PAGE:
So fibromyalgia… is a bitch. Pardon my French.
I was stressed. I had been stressed for a lot longer than I was probably aware of. It wasn’t until 3 years ago I was at the doctor and he asked me how I was coping with my mother being terminally ill that the dam broke and I sniffled my way through “It is so hard, so unbelievably hard to watch her wither away!” (I don’t cry in front of other people… strong woman, right?! Yeah, too damn strong!) He gave a referral to a stress-psychologist – the pressure of being divorced (my choice!), moving, getting a job, working as a teacher with all that entails that isn’t actually teaching, being a single parent – and both my father and I trying to take care of my terminally ill mother, got the better of me.
But it wasn’t until I couldn’t move from the aching pain in my muscles and I utterly and totally exhausted, no, it wasn’t until I slammed into that wall at 100 mph that I began truly listening to what my body had been trying to tell me… I needed to slow down and re-evaluate my life.
So I sat there in March diagnosed with stress and fibromyalgia and complained to my psychologist that I didn’t feel like I had hit rock bottom yet… she looked at me and asked; “Well, do you need to hit rock bottom? And who’s to say you’re not there yet?”
Looking back now I know I was at my rock bottom, I couldn’t get any lower. I am by nature a grinder – which of course is what got me into trouble in the first place: I don’t really throw in the towel, I never said “no”, I did what I felt I had to do in order to keep everybody around me happy – including my management/colleagues. My rock bottom is not one where I crawl into a corner weeping and give up, my rock bottom is a place where I cry for 10 minutes at night in the bathroom, dry my eyes, take a deep breath and get up in the morning to grind through another day… desperately trying to ignore my emotions and my body screaming for my attention.
So to all you “grinders” and HSPs out there… please, please, please stop and listen to your emotions and your body!
As I have written earlier I set out seven years ago to change myself, to be a happier, better version of me, someone who never talks bad about other people, someone who never judges, someone who is always kind and who will always try to see the good in all people, someone who forgives and moves on, someone who keeps an open mind and tries to broaden her horizon continuously, someone who will be able to say “no” politely and not feel guilty, because not everyone needs me to fix everything.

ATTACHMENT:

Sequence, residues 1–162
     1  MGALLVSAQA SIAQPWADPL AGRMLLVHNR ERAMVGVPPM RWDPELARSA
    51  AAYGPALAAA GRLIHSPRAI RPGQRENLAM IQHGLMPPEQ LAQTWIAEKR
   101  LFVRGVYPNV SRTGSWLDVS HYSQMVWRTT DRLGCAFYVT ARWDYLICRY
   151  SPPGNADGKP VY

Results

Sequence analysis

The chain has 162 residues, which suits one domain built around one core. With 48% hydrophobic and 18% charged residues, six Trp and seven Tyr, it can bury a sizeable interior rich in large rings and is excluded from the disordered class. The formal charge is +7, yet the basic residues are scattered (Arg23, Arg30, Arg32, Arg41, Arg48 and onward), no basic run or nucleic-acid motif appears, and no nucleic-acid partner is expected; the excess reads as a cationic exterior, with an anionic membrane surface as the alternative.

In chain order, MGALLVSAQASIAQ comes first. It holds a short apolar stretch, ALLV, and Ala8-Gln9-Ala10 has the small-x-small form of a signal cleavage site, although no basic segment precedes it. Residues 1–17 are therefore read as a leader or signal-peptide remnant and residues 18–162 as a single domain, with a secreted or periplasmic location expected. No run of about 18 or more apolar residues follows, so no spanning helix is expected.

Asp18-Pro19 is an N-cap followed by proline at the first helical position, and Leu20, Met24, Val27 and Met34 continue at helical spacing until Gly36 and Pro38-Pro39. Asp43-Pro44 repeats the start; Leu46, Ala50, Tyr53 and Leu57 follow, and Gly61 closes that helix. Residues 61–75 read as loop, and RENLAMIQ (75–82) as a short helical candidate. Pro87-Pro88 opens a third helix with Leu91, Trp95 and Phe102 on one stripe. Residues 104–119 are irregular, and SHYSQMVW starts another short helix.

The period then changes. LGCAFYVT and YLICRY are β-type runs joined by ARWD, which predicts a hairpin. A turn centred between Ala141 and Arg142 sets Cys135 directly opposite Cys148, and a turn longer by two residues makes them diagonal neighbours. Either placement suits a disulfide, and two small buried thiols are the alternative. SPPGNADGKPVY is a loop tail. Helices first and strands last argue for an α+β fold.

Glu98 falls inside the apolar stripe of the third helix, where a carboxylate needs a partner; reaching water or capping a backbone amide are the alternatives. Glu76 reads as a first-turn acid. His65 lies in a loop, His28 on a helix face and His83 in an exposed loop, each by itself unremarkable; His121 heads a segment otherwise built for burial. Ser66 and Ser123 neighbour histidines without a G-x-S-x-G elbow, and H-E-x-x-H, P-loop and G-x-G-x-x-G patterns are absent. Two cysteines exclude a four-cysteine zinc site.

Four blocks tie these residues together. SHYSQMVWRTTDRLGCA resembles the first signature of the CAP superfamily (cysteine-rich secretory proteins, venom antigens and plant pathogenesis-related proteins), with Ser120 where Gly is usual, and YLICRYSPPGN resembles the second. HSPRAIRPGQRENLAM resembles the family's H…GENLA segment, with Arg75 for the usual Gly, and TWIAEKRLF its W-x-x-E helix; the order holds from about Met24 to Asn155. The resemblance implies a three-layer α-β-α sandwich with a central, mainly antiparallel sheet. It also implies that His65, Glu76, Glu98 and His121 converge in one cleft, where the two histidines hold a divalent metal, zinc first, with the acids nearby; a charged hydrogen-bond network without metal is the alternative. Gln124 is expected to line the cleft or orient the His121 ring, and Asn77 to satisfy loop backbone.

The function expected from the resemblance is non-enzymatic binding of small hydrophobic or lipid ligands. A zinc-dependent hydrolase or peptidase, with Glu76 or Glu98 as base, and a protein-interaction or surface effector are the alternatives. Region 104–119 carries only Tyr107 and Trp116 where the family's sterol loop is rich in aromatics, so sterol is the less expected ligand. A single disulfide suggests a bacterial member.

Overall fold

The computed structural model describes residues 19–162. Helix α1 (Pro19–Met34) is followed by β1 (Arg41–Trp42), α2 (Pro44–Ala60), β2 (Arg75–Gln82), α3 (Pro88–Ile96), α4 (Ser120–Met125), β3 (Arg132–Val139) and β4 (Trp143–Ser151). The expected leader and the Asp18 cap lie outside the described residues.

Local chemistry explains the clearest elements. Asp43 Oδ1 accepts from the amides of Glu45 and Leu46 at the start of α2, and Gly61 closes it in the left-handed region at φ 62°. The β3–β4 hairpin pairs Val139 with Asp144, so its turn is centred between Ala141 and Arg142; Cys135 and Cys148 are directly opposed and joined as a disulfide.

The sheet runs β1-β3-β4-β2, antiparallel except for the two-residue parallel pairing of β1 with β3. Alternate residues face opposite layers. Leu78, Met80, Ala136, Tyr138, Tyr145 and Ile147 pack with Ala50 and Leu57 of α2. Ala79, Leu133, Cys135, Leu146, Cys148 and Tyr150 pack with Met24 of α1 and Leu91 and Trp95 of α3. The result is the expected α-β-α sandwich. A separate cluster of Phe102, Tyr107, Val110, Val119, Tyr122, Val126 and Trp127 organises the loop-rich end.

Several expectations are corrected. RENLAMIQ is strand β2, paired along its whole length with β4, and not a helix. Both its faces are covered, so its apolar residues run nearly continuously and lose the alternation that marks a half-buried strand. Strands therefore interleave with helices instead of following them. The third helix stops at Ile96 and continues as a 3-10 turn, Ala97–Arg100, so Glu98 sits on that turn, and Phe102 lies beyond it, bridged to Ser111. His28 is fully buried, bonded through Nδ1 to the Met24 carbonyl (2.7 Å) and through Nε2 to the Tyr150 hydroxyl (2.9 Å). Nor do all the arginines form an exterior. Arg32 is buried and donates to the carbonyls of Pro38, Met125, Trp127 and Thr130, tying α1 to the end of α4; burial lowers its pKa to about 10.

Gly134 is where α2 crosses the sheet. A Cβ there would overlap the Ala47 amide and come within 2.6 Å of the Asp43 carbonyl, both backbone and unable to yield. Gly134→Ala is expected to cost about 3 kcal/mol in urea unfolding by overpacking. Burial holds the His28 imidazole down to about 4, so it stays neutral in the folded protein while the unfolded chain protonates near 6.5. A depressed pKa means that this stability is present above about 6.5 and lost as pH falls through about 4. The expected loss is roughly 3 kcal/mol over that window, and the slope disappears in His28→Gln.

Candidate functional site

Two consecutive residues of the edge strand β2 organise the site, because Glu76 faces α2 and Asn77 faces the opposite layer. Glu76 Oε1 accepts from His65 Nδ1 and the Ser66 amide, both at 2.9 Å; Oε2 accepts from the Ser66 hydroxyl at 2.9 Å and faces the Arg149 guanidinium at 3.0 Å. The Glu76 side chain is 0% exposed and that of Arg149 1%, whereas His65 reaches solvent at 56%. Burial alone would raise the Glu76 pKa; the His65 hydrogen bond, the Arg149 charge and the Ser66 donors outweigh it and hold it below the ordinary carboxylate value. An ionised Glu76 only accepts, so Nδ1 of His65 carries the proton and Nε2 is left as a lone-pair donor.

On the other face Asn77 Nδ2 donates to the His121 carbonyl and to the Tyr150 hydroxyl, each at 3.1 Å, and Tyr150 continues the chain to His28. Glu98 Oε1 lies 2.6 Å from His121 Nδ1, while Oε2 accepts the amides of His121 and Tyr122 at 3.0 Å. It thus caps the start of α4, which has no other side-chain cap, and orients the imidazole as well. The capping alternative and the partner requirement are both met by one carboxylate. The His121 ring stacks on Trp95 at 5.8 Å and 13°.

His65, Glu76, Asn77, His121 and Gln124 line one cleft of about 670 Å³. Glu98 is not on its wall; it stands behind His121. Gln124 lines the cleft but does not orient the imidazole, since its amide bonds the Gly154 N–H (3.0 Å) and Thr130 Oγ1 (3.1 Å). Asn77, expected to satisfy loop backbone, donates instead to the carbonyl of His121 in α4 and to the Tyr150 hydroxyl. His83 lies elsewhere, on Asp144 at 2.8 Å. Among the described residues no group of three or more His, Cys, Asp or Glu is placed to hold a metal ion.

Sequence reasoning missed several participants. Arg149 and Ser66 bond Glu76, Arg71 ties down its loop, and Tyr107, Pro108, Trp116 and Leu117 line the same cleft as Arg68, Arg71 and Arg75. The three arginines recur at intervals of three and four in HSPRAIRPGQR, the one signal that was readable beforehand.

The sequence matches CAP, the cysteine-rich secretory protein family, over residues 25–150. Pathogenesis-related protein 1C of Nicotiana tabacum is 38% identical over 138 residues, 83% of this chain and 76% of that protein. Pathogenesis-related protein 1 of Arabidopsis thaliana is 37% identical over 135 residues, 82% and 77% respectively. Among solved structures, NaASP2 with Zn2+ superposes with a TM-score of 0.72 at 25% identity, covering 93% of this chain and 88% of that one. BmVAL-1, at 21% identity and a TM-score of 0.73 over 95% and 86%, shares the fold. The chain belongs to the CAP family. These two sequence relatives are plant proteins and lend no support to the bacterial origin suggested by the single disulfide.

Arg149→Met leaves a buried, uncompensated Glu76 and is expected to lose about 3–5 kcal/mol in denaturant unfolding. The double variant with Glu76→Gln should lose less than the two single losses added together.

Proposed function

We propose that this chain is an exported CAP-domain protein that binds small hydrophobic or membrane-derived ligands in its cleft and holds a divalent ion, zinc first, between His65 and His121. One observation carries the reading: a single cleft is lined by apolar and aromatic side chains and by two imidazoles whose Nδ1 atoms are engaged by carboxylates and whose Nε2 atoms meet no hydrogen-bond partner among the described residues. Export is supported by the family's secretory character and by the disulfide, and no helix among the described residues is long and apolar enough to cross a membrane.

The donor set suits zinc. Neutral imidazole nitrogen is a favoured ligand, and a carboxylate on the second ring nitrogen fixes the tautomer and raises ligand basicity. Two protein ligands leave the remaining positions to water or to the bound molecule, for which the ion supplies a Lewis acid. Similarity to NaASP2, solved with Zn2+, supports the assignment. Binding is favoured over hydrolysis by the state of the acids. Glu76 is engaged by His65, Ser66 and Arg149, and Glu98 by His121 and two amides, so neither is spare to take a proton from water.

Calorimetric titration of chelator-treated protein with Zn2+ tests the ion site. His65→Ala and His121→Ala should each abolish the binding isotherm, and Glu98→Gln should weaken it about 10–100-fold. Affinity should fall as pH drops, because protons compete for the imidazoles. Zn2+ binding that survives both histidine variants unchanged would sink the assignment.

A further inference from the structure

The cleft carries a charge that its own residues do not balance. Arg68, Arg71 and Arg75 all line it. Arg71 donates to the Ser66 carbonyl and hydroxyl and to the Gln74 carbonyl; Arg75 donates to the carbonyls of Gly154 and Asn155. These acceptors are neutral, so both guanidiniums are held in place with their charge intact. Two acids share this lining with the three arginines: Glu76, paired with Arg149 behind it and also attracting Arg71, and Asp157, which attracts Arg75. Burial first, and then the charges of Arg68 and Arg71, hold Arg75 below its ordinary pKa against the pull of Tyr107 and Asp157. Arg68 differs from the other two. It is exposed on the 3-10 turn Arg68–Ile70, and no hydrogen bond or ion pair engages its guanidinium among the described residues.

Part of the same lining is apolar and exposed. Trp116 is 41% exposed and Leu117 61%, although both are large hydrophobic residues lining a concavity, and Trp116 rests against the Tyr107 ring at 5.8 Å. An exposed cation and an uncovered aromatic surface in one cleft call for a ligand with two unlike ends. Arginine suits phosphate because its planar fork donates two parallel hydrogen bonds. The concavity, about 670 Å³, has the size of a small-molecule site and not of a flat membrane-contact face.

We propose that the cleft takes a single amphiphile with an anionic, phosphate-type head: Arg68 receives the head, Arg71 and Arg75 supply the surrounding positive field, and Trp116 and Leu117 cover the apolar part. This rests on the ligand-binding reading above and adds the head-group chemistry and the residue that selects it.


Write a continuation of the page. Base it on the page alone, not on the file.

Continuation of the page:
No grudges, no regrets just a lot of love!
It is a wonderful, marvelous journey to be on! I would never change a single thing, I have no regrets, yes, I have been knocked down, but I have learned valuable lessons that are now part of who I am, it is in adversity that we discover our true strengths and I would not be who I am today if I hadn’t been through all of this. I am, despite what I have been through or because of it, a better version of myself, a more reflecting, emphatic, awake and mature version of who I used to be. I have grown, I am still growing and it feels good.
I have come to the conclusion that I will never get rid of my stress, it will always be there, warning me when I am “stretched too thinly”, when I have made too many plans, when I am trying to help too many people at one time, when I am not taking care of myself. Because if I don’t take care of myself, how am I supposed to be able to take care of my daughter and my dear old father?
And this is how I am fighting off my fibromyalgia, because in my case my stress and my fibromyalgia are intricately connected!
When I get stressed my muscles start to tense up and the result is aching pains and stiffness in every part of my body.
Sure, I changed my diet too. I stopped eating gluten/yeast, dairy products, eggs… I miss cheese!
I don’t drink much alcohol anyway, so one glass once in a blue moon is okay.
…coffee… yeah, that’s been my Achilles heel, but then I only drink 2 cups a day and since I have no aches anymore I feel rather lenient towards it.
I need to get at least 6 hours of sleep, preferably 7, but that’s not always possible when you have a daughter who has nightmares… If I get less than 6 hours, I feel stiff and I am more easily exhausted.
I need to exercise, but not too much because if I strain my muscles too much it’ll take me a couple of days to get back to normal again, i.e. break down the lactic acid.
My fibromyalgia is more about exhaustion; I can’t work or do as much as I used to do before I get dead tired. And that’s my biggest problem; I used to squeeze in so many things in one day, always complaining that the day didn’t have enough hours…. You see the connection?!
This is my biggest lesson, one I am still trying to get my head around: SLOW DOWN!! Breathe, everything will happen at the right time!
Let me finish this by saying that fibromyalgia manifests differently from person to person.
And therefore what I have done may not be the solutions for others.
But regardless if you have fibromyalgia or some other aliment, or none at all – I would highly recommend you to re-evaluate your life, look at it thoroughly and think about what is of importance to you in your life?! Is it your house or the things that fill up your house? Is it your partner and/or your children? Is it your job?
What changes would you be willing to make in your life to make it not only your life, but perhaps even a better life?